One thousand, two hundred and twenty-eight metres above sea level is where you find Sweden’s highest mountain station: Låktatjåkko. It takes you a couple of hours to walk there from Björkliden and half-way is probably where you’ll start craving the waffles.

I’ve been here plenty of times — in summer as well as winter — and I guess that’s why I’m already thinking about the waffles. I’m trying to decide whether to go for cloudberry or raspberry jam. Still, in the end, I give in: it has to be cloudberries — I’m in Swedish Lapland after all, and the berry is in many ways synonymous with Låktatjåkko, as the mountain hut has used the cloudberry in its logo for a long time. If you want to add additional heavenly flavours, go for the waffle with cloudberries and Västerbotten-cheese!

In summer, you can hike all the way to Låktatjåkko. About 9 km from Björkliden.

The hut

The hut was built in 1939, in the middle of a raging war. The land west of Kiruna was a roadless land, and hiking paths and watercourses were used for all transport. Sure, the railway was built back in 1902, and even if the railroad was called ‘the Ore Line’ and used for ore, tourists could go by train up to Björkliden.

People have always been interested in locations that are highest up and furthest away, so it was decided that a hut would be built in the Luoktačohkka mountain pass. It was probably no coincidence that it was built during the war, but since then — the end of the Second World War — the 75-year-old hut has served us, life-loving mountain hikers, in style. Not all mountain huts in Sweden offer you a bit of la dolce vita between bare rock outcrops, moss and last winter’s snow, but ‘Låkta’ is definitely one of those places; after your three-course dinner, you just want to huddle up in front of the fireplace and enjoy the contents of your cognac cup.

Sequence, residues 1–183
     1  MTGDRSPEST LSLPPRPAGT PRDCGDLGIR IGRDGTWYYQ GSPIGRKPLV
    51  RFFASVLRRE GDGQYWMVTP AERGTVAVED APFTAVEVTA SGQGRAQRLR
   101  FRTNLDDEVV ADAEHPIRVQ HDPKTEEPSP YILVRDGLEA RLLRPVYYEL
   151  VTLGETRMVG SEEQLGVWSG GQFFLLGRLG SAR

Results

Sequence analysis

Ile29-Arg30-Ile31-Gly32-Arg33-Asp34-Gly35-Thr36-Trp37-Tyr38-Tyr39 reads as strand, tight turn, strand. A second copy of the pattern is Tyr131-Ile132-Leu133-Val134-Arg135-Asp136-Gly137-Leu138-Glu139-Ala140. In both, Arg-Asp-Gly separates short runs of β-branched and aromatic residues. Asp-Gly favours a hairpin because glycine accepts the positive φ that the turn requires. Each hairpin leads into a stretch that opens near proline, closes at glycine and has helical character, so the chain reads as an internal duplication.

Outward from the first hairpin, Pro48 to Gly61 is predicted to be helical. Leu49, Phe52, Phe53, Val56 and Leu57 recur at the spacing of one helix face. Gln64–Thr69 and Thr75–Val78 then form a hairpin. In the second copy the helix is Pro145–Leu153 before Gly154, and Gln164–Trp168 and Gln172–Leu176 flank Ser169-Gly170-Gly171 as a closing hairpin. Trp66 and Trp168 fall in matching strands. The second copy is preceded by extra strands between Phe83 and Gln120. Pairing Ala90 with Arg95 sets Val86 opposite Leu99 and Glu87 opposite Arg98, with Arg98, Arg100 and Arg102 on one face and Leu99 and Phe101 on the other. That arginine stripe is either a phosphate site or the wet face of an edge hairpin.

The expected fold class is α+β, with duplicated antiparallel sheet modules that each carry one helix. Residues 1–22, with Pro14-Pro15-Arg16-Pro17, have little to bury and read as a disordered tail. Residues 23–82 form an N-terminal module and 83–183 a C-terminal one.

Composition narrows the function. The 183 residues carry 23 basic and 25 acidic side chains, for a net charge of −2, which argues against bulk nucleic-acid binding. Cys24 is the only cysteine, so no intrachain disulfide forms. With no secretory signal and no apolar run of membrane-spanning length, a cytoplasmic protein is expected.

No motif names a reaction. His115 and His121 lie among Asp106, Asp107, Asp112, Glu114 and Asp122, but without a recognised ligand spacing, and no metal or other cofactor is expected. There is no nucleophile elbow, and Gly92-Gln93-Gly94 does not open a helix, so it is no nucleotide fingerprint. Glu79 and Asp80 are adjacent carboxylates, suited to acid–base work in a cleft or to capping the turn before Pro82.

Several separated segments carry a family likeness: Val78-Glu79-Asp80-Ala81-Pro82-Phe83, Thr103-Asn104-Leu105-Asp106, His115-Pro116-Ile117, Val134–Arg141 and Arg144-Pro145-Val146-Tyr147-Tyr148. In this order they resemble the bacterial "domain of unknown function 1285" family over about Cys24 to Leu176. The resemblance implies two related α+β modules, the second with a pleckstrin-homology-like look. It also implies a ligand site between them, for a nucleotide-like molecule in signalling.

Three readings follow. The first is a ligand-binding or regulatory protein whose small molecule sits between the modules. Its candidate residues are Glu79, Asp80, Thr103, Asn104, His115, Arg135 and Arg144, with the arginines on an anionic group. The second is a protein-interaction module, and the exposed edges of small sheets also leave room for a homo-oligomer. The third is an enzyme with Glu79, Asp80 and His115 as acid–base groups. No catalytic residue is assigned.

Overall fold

A rustic, but warm and welcoming atmosphere awaits.

Room with a view

It’s true that Swedish-style mountain hiking has always been like a snail struggling with its heavy load across the land, but something is charming about this, too. Carrying your own house on your back. I don’t mind it. I’ve got nothing against sleeping in a tent and carrying heavy loads. At no other point in life will it be easier to choose a room with a view than when you’re effectively carrying it. Soon you will understand that ‘the road is worth the effort’ every time you set off on a hike through the mountains of Swedish Lapland. In the past, it was all about getting from a to b whilst carrying a slightly too heavy rucksack. Perhaps power through all the stretches on Kungsleden — the King’s Trail.

But lately, the focus has changed slightly.

Ah, the famous waffles or 'Låkta-våfflan' as we call it. With cloudberry jam. Photo Fredrik Broman.


More and more hikers opt to go to one place and then walk shorter-day trips from that starting point. You get a comfortable and organised evening, but will still enjoy hikes during the day. Personally, I also appreciate the simplicity and comfort of staying somewhere nice and — above all — to eat well. Life becomes much less about planning and more about possibilities; you can really seize the day when you choose shorter day trips, and all you have to worry about is what drink will go best with your food.